Mastering Multiple Choice

Multiple Choice Specific Suggestions

Gauge your own study needs related to multiple choice exams. Some people have a better capacity for short term retention of details on a broad range of topics, and this raises the common critique that tests only measure people’s ability to take tests. To some degree this is true, and so doing some research on multiple choice tests will help you to avoid some common trappings. Here is our selection of best advice, but because there is so much good info out there we’ve also created a link section at the bottom of this page.

Multiple Choice Studying

1. Don’t get bogged down by memorizing

Focus on ideas and concepts and how facts and details help you understand concepts. Writing material down and talking about it are two good techniques for mastering concepts. If you don’t have a study group, consider seeking out your local AIA or YAF chapter, or challenge yourself by explaining concepts to someone outside of your field who is willing to help you study.

2. Actively summarize

In writing down material and summarizing major concepts, your brain sorts out and ranks all that is relevant to specific topics. You will also create sheets that are great for turning into flash cards, or to be used as review of important points in the days leading up to the exam.

3. Don’t expect to know everything

A great aspect of the ARE is that you will likely need to learn new things when studying the material. However, some material might be too difficult to learn in the time you’ve set out in your Exam Schedule. Use the NCARB study guides as an overview to determine how much new material you will have to learn, the quantity of new material, and if it worth the amount of time you would need to invest to master it in relation to how much study time you have for the test section. Then adjust your schedule or cut some material from your study plan to accommodate. Inevitably you can expect to guess about on this information in the few questions this material appears on the exam. Just review these concepts, and then use your own reasoning and ability to analyze the question when taking the test.

4. Learn from experience

Take a half hour or so after the exam to jot your feelings about the exam in your notebook. Identify why you might have missed a question. Did you fail to read it correctly? Did you fail to prepare for it? Was the test at a more difficult level than you prepared for? Did you run out of time? Did you have any problems with anxiety before or during the test? When you get your results, and you did not do as well as you expected on a test, examine the way you prepared and adjust your style of learning and studying to equip yourself to do better on future tests.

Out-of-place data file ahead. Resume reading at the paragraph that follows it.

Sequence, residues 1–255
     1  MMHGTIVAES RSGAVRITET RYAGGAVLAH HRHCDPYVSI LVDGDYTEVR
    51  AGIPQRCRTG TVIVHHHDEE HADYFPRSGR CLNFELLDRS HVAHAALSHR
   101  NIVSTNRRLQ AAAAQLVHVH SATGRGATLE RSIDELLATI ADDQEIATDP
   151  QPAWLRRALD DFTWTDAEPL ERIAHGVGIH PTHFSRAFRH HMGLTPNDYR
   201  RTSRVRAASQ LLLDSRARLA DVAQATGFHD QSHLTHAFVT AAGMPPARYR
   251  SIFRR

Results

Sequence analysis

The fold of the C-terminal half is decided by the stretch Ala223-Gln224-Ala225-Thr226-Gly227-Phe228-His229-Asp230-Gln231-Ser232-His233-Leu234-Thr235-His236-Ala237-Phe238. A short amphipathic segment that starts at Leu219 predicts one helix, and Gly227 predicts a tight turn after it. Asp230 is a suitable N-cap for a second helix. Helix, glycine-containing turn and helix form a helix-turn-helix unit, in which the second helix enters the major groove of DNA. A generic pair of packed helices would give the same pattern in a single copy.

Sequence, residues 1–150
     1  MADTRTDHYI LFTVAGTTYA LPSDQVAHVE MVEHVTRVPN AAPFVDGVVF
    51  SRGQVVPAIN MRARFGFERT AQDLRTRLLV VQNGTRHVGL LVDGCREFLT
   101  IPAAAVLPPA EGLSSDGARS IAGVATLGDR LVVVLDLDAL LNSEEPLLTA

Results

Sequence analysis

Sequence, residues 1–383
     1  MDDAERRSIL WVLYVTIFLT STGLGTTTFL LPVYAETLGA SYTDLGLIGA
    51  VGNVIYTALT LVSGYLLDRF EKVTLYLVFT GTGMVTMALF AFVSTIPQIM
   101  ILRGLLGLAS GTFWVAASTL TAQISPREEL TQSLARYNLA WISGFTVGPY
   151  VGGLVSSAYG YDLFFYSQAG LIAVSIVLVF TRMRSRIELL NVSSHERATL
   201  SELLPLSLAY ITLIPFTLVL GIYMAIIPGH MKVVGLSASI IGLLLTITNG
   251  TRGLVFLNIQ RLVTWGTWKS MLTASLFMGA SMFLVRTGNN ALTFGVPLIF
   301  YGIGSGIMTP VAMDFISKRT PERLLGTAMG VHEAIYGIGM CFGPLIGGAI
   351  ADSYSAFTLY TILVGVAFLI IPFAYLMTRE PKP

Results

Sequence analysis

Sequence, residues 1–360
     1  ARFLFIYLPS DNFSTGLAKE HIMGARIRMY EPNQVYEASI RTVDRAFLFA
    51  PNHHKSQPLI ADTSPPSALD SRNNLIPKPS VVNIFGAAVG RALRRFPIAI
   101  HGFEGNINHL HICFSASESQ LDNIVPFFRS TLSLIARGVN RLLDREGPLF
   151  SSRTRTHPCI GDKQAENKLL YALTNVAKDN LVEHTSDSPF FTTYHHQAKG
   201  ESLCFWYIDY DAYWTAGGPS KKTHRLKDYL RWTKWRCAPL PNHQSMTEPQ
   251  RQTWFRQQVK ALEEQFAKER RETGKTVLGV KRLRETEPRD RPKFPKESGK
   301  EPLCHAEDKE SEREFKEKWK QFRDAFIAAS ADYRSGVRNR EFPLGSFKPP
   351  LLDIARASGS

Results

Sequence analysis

5. Practice Tests are Key

There are ample sources out there, and these really are the reason to spend money on study materials. Check out our starter page ARE Study Materials for sale.

Multiple Choice Tests

1. Read every question and possible answers slowly and completely before beginning to think about what the correct answer is. It is easy to distract yourself from reading the question, and that makes it easy to miss things like “pick two” or other instructions.

2. Don’t be afraid to change an answer, but be certain if you do. The computer system allows you to flag questions and review them, and it is always a good idea to take the time and go over the entire test before you walk away from it.

3. If more than one answer seems correct, first identify the answers that are least likely to be true and try to get down to a 50/50 choice. If the test answer is only partly true or is true only under certain narrow conditions, then it’s probably not the right answer. If you have to make a significant assumption in order for the answer to be true, ask yourself whether this assumption is obvious enough that the test writers would expect everyone to make it. If you can’t decide, then go with your gut.

4. If you think an item is a trick question, it probably isn’t. Make sure you’re not reading too much into the question, and try to avoid imagining detailed scenarios in which the answer could be true.

Links to Sites with Useful Study Info for Multiple Choice Exams

Western Illinois University

University of Toronto Bios 150

Study Guides and Strategies – Multiple Choice Tests

Social Psychology Network

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